Concurrent assertions are based on clock semantics and use sampled values of their expressions. Circuit behavior is described using SystemVerilog properties that gets evaluated everytime on the given clock and a failure in simulation indicates that the described functional behavior got violated.

 
 
// Define a property to specify that an ack should be 
// returned for every grant within 1:4 clocks
property p_ack;
  @(posedge clk) gnt ##[1:4] ack;
endproperty
 
assert property(p_ack);    // Assert the given property is true always
 

Click here to learn more on Concurrent Assertions

Steps to create assertions

Following are the steps to create assertions:

  • Step 1: Create boolean expressions
  • Step 2: Create sequence expressions
  • Step 3: Create property
  • Step 4: Assert property

Example

The first sequence s_ab validates that b is high the next clock when a is high, and the second sequence s_cd validates that d is high 2 clocks after c is found high. The property asserts that the second sequence is on the next cycle after the first sequence.

 
module tb;
  bit a, b, c, d;
  bit clk;
 
  always #10 clk = ~clk;
 
  initial begin
    for (int i = 0; i < 20; i++) begin
      {a, b, c, d} = $random;
      $display("%0t a=%0d b=%0d c=%0d d=%0d", $time, a, b, c, d);
      @(posedge clk);
    end
    #10 $finish;
  end
 
  sequence s_ab;
    a ##1 b;
  endsequence
 
  sequence s_cd;
    c ##2 d;
  endsequence
 
  property p_expr;
    @(posedge clk) s_ab ##1 s_cd;
  endproperty
 
  assert property (p_expr);
endmodule
 

Note that there are some violations for the property that is asserted using assert statement.

Simulation Log
Compiler version P-2019.06-1; Runtime version P-2019.06-1;  Jan  8 05:02 2020
Warning : License for product VCSRuntime_Net(725) will expire within 10 days, on: 17-jan-2020.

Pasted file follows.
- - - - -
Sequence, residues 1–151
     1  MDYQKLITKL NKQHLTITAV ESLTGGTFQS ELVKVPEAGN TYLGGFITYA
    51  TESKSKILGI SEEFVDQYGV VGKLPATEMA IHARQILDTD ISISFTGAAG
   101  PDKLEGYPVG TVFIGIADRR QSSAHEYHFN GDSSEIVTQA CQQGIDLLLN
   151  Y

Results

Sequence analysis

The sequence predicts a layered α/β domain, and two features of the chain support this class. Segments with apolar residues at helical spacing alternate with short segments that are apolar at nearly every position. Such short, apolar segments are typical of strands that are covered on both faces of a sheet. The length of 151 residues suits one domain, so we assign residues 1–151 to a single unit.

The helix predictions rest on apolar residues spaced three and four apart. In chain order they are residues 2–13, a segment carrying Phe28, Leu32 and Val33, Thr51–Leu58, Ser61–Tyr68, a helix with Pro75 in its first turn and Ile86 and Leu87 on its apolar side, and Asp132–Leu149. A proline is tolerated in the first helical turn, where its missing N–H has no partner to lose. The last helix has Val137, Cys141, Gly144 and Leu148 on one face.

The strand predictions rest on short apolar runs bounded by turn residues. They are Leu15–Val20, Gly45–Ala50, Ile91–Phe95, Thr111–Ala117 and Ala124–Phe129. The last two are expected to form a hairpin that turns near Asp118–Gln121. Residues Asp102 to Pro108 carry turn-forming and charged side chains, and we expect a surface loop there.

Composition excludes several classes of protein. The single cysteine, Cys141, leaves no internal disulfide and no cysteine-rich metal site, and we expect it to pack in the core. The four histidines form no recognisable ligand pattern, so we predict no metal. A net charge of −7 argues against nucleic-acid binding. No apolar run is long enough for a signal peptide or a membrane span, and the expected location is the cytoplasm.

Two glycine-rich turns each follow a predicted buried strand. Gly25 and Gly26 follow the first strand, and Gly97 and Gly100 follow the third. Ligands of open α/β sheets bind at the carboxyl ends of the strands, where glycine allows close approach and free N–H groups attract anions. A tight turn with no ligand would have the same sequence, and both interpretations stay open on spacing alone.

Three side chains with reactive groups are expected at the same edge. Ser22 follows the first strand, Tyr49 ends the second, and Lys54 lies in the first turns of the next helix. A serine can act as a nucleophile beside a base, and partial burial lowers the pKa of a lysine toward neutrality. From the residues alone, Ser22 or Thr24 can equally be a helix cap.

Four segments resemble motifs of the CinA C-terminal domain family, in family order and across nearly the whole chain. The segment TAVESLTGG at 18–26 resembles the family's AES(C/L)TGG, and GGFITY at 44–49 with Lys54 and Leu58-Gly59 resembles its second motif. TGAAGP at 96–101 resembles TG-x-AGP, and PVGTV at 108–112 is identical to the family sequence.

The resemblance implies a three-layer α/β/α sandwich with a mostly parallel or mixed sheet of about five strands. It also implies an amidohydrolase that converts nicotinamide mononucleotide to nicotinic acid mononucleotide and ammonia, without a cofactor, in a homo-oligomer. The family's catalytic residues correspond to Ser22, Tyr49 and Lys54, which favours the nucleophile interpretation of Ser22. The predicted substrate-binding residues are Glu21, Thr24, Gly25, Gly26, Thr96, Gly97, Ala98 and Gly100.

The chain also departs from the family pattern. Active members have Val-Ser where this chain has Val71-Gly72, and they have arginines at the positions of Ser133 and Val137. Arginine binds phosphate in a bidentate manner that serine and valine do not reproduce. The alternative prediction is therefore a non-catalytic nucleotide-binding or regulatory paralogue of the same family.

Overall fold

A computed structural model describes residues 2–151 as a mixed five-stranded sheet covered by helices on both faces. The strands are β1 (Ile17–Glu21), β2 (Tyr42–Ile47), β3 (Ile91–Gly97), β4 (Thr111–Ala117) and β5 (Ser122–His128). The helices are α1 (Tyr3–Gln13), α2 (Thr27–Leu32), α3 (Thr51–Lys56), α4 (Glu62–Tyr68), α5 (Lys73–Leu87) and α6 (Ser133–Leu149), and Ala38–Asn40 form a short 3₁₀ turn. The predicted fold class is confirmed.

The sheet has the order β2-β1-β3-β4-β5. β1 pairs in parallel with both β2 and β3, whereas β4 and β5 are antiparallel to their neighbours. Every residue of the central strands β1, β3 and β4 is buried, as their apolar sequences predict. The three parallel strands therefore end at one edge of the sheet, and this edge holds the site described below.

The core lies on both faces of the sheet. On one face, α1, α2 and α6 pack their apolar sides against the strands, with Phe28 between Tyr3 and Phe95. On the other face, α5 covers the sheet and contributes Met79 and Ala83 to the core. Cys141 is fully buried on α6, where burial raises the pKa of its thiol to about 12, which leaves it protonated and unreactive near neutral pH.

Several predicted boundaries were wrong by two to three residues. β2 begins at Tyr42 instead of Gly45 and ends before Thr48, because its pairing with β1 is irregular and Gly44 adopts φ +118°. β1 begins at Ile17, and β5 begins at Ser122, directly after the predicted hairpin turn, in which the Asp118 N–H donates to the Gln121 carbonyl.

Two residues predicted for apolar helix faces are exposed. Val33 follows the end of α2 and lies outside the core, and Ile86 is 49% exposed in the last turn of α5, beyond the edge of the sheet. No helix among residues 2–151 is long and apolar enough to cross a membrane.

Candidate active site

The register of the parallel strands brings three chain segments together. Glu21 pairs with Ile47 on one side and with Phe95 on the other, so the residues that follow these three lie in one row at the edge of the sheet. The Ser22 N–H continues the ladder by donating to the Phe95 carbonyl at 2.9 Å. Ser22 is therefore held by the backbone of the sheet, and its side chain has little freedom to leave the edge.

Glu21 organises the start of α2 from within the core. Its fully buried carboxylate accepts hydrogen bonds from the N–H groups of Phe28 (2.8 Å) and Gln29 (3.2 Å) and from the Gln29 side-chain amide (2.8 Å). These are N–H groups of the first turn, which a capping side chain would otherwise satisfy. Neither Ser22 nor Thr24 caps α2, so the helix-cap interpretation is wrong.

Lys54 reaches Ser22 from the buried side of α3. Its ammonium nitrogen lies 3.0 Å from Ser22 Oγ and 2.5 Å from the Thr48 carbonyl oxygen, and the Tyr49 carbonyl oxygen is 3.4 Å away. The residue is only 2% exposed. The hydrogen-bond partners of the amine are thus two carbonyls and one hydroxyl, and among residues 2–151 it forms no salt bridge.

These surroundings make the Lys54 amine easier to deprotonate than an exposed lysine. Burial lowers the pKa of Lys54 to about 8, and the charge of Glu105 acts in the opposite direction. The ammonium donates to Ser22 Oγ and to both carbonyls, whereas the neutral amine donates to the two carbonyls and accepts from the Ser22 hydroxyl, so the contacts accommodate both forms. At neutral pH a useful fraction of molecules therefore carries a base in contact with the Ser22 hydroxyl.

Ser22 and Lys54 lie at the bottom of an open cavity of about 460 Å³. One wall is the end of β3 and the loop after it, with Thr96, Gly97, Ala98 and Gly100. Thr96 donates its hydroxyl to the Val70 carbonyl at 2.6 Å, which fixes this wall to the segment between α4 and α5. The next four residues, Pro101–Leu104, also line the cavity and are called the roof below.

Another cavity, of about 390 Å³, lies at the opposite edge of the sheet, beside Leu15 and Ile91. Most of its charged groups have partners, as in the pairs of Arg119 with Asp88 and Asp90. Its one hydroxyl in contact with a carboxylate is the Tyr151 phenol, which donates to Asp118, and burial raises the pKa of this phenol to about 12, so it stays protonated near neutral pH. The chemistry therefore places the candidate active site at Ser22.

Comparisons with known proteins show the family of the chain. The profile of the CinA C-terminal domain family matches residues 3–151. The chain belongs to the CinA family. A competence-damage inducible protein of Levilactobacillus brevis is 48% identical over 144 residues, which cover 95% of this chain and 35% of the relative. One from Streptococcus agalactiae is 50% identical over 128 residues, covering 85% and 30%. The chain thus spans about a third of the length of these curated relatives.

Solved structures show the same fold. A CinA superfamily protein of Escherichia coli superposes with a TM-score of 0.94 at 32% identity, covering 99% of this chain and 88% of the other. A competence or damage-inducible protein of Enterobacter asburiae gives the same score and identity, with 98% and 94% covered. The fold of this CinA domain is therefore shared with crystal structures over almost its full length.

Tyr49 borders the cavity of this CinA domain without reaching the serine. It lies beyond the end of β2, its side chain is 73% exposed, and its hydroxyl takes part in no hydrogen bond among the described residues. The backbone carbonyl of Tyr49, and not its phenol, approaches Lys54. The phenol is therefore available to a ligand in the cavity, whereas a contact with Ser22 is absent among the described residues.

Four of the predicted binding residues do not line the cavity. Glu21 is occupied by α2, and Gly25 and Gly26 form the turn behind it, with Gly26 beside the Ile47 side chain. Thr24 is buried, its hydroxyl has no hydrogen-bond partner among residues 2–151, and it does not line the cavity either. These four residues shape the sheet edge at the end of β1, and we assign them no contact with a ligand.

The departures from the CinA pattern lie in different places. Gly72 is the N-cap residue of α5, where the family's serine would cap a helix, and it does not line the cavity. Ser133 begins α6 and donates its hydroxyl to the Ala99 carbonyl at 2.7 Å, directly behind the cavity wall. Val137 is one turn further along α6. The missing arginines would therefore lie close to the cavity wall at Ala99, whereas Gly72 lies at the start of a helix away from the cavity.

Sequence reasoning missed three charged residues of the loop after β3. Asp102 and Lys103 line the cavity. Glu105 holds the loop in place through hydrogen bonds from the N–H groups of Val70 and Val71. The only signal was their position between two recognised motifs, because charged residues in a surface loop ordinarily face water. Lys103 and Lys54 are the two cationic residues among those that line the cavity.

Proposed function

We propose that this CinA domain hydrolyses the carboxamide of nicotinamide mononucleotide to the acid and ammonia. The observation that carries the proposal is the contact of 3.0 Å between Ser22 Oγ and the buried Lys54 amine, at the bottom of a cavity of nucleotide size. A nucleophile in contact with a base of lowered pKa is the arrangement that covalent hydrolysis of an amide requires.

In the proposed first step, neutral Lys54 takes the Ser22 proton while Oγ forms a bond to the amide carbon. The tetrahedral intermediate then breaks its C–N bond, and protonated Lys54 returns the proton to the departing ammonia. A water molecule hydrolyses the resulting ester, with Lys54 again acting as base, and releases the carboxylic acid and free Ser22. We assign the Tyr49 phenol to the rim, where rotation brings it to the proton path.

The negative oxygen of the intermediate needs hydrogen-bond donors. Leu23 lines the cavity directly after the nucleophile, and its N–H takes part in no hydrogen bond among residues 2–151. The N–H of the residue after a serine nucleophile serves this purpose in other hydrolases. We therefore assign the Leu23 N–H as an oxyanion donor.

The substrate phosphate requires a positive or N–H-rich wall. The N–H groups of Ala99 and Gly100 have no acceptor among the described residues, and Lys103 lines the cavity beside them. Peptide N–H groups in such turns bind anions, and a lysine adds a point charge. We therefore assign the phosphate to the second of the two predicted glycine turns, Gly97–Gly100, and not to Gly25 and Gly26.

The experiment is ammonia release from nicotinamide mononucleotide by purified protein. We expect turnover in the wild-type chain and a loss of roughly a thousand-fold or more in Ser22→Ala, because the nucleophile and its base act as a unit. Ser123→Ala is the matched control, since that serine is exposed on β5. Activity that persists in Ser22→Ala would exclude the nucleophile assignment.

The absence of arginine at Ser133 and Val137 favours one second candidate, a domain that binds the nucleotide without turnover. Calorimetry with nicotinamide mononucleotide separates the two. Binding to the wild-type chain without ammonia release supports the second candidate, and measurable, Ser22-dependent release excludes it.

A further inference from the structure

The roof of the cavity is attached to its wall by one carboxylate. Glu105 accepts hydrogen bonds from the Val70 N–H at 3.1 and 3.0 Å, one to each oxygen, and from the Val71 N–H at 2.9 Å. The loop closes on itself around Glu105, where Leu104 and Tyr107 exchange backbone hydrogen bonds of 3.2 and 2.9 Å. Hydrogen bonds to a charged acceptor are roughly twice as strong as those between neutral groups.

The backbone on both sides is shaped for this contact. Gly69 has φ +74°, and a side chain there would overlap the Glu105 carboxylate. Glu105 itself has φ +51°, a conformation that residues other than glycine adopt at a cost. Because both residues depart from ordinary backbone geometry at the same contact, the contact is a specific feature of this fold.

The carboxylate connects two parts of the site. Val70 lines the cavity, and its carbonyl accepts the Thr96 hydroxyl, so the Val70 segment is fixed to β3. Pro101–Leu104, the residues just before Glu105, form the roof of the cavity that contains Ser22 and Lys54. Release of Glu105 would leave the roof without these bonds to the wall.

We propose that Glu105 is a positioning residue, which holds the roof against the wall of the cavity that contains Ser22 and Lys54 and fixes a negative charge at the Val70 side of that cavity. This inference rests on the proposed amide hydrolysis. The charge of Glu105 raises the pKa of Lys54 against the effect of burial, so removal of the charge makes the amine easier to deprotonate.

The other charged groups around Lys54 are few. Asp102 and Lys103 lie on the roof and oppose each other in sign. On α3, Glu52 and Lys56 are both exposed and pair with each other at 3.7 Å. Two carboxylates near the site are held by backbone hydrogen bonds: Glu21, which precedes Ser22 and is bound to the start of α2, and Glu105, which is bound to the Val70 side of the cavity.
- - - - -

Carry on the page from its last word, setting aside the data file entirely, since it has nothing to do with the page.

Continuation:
If you would like to temporarily disable this message, set 
 the VCS_LIC_EXPIRE_WARNING environment variable to the number of days
before expiration that you want this message to start (the minimum is 0).
0 a=0 b=1 c=0 d=0
10 a=0 b=0 c=0 d=1
"testbench.sv", 28: tb.unnamed$$_3: started at 10ns failed at 10ns
	Offending 'a'
30 a=1 b=0 c=0 d=1
"testbench.sv", 28: tb.unnamed$$_3: started at 30ns failed at 30ns
	Offending 'a'
50 a=0 b=0 c=1 d=1
70 a=1 b=1 c=0 d=1
"testbench.sv", 28: tb.unnamed$$_3: started at 70ns failed at 70ns
	Offending 'a'
"testbench.sv", 28: tb.unnamed$$_3: started at 50ns failed at 70ns
	Offending 'b'
90 a=1 b=1 c=0 d=1
110 a=0 b=1 c=0 d=1
130 a=0 b=0 c=1 d=0
"testbench.sv", 28: tb.unnamed$$_3: started at 130ns failed at 130ns
	Offending 'a'
"testbench.sv", 28: tb.unnamed$$_3: started at 90ns failed at 130ns
	Offending 'c'
150 a=0 b=0 c=0 d=1
"testbench.sv", 28: tb.unnamed$$_3: started at 150ns failed at 150ns
	Offending 'a'
170 a=1 b=1 c=0 d=1
"testbench.sv", 28: tb.unnamed$$_3: started at 170ns failed at 170ns
	Offending 'a'
190 a=0 b=1 c=1 d=0
210 a=1 b=1 c=0 d=1
"testbench.sv", 28: tb.unnamed$$_3: started at 210ns failed at 210ns
	Offending 'a'
230 a=1 b=1 c=0 d=1
"testbench.sv", 28: tb.unnamed$$_3: started at 190ns failed at 230ns
	Offending 'c'
250 a=1 b=1 c=0 d=0
270 a=1 b=0 c=0 d=1
"testbench.sv", 28: tb.unnamed$$_3: started at 230ns failed at 270ns
	Offending 'c'
290 a=0 b=1 c=1 d=0
"testbench.sv", 28: tb.unnamed$$_3: started at 270ns failed at 290ns
	Offending 'b'
"testbench.sv", 28: tb.unnamed$$_3: started at 250ns failed at 290ns
	Offending 'c'
310 a=0 b=1 c=0 d=1
"testbench.sv", 28: tb.unnamed$$_3: started at 310ns failed at 310ns
	Offending 'a'
330 a=1 b=0 c=1 d=0
"testbench.sv", 28: tb.unnamed$$_3: started at 330ns failed at 330ns
	Offending 'a'
"testbench.sv", 28: tb.unnamed$$_3: started at 290ns failed at 330ns
	Offending 'c'
350 a=0 b=1 c=0 d=1
370 a=0 b=1 c=1 d=1
"testbench.sv", 28: tb.unnamed$$_3: started at 370ns failed at 370ns
	Offending 'a'
"testbench.sv", 28: tb.unnamed$$_3: started at 390ns failed at 390ns
	Offending 'a'
$finish called from file "testbench.sv", line 13.
$finish at simulation time                  400
           V C S   S i m u l a t i o n   R e p o r t 

Click to try this example in a simulator!